We will present a short synopsis of experimental approaches using greenhouse flume systems to address questions of biogeochemical cycling, mineral formation and 3-d structure for Guerrero Negro microbial mats and Highborne Cay Stromatolites.
Flygare, Thomas J.
The Supreme Court recently decided that Title IX covers employment practices in schools and colleges; however, portions of the Court's decision (whether Title IX provides "institutionwide" or "program-specific" coverage) raise serious questions about the future of Title IX as a force for sex equity in education. (Author/MLF)
Thirty-eight countries in Africa regard homosexuality as punishable by law with South Africa remaining a standout country advancing constitutional equality on the basis of sexual orientation. In the context of homophobic violence, however, concerns have been raised about schools' potential to improve the educational, moral and social outcomes…
Socquet, A.; Bejar, M.; Carrizo, D.; Armijo, R.; Vigny, C.; Ruegg, J.; de Chabalier, J.; Nercessian, A.; Charade, O.; Simons, M.; Bonvalot, S.
Nazca plate subducts under the South American continent at a rate of ~7 cm/yr oriented ~80° at the latitude of North Chile (17°S to 23°S). This area was recognized as a major seismic gap of about 1000 km length since no earthquake occurred during the 120 years following the South Peru (Mw= 9.1, 16 August 1868) and the Iquique (Mw=9.0, 10 May 1877) megathrust events. This gap was reduced to 500 km length after the Arequipa (Mw = 8.3, 23 June 2001) and the Antofagasta (Mw = 8.1, 30 July 1995) earthquakes, and might have accumulated up to 9 m of slip deficit by interseismic loading on the subduction interface. According to usual scaling laws for subduction earthquakes this corresponds to an earthquake of magnitude up to 8.5. On November 14, 2007, a Mw 7.7 subduction earthquake occurred in the southern part of this seismic gap. It was recorded by a network of ~20 cGPS instruments, and ASAR coseismic interferograms were calculated. Analysis of geodetic data show that the earthquake initiated in the vicinity of Tocopilla city and was arrested ~150km south below Mejillones peninsula, area already identified as a potential seismic barrier. The earthquake activated the deep part of the seismogenic zone down to the transition zone (35-50 km depth) and did not reach the surface. It slipped parallel to the convergence direction requiring no slip partitioning and released a very small portion (<2m) of the slip deficit accumulated in the seismic gap. These specificities raise a series of questions relative to the way convergence is accommodated in North Chile seismic gap. Is Tocopilla earthquake a precursor to a future megathrust event that would release the whole elastic strain accumulated since 130 years? Shall it be regarded as part of a series of Mw 7.5-8 earthquakes occurring every 5 years that break progressively the gap? What part of the convergence is accommodated by aseismic slip events? How is it related to earthquakes? We address these questions by analyzing GPS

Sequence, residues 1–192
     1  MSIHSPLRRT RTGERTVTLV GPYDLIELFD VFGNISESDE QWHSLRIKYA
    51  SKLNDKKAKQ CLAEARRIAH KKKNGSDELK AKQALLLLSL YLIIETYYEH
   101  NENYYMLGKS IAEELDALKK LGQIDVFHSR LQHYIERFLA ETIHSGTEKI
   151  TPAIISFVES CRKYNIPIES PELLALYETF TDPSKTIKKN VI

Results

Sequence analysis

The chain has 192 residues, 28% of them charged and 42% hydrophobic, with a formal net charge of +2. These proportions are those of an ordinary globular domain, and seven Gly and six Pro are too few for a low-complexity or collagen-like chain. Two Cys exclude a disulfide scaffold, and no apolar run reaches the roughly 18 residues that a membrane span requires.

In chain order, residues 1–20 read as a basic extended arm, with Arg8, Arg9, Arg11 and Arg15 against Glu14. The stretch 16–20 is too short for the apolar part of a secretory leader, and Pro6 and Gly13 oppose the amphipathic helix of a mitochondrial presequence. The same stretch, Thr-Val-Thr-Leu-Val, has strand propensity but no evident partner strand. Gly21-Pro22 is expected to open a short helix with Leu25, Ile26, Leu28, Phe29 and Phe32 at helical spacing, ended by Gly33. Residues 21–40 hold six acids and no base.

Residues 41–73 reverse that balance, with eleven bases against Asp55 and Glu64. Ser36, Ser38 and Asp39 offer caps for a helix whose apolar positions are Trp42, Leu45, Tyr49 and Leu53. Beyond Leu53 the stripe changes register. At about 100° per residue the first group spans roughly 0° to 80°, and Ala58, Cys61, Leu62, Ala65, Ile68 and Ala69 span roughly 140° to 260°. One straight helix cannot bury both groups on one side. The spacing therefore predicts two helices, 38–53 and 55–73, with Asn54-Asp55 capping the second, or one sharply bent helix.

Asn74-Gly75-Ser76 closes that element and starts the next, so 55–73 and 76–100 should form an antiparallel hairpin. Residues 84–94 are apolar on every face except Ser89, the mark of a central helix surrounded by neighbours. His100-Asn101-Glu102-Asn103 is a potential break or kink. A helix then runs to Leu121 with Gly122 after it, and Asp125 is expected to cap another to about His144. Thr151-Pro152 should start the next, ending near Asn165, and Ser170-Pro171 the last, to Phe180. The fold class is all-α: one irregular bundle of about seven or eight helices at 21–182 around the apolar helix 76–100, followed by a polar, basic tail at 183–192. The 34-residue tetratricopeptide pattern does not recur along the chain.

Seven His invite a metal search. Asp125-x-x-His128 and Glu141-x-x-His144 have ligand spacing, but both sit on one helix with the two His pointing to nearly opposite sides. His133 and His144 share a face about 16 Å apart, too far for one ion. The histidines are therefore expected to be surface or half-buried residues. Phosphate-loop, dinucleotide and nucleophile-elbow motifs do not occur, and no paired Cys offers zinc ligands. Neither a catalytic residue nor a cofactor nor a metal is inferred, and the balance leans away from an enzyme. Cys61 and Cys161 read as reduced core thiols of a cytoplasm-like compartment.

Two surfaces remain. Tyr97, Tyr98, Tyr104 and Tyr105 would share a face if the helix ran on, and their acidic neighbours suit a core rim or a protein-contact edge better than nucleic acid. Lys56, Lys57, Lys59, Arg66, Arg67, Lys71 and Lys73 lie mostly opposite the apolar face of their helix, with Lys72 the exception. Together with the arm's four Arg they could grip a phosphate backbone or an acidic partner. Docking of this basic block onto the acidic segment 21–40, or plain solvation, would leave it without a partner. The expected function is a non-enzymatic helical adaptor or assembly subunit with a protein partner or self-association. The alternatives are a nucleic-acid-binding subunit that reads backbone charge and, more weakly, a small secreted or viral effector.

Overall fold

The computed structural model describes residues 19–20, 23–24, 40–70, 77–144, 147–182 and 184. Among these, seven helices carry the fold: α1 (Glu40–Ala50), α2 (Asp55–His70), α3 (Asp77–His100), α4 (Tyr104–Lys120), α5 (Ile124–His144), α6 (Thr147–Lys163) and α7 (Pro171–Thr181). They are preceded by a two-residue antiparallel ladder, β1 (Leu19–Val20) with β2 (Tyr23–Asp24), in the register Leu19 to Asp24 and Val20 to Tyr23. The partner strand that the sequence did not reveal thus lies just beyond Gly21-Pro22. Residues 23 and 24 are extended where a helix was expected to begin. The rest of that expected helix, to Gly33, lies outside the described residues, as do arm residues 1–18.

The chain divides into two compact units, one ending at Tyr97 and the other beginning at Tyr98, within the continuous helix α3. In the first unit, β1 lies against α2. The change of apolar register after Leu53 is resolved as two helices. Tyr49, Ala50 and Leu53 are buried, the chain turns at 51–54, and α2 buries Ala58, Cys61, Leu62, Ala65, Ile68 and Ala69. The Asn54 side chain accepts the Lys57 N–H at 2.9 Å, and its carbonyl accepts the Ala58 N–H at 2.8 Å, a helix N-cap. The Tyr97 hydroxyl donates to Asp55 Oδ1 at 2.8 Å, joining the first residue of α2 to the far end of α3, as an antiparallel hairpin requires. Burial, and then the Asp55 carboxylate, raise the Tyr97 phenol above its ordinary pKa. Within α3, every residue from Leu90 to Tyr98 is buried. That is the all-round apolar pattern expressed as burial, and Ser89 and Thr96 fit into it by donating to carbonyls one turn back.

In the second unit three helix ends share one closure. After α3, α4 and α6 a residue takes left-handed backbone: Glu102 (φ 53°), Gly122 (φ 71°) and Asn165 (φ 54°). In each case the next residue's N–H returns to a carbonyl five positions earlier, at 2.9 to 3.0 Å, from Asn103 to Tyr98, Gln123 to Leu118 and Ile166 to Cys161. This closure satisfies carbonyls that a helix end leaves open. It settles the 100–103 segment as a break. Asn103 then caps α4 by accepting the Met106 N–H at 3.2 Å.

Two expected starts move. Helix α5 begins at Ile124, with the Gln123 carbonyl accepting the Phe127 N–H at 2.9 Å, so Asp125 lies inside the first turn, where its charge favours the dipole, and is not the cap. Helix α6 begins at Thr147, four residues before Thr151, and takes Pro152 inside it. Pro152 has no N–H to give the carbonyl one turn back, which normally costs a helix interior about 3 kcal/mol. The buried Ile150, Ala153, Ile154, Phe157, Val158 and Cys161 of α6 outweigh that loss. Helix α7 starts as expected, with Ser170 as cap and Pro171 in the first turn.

Agranovich, M.; Zair-Bek, S.; Seliverstova, I.; Shishmakova, E.
On instructions from the Ministry of Education of the Russian Federation, the Federal Institute for the Development of Education prepared an analytical report on the topic "Questions Addressed to Russian President V.V. Putin During an Internet Conference on 6 July 2006 on the Problems of "Career"." That document presents an overall statistical and…
Considers the ethical issues surrounding the "simplest" case of in vitro fertilization from the author's interpretation of a Catholic perspective. Discusses serious moral objections to in vitro fertilization voiced by the Vatican, and presents theological reasons why Catholics should question in vitro fertilization. (Author/NB)
Heun, Linda R
This article outlines the development of learning materials to educate osteopathic medical students about biological terrorism at the American Association of Colleges of Osteopathic Medicine (AACOM). The author then poses two questions that arose from this and concurrent AACOM projects and new technologic developments in medical education, regarding what colleges of osteopathic medicine teach and how they teach it. PMID:12501984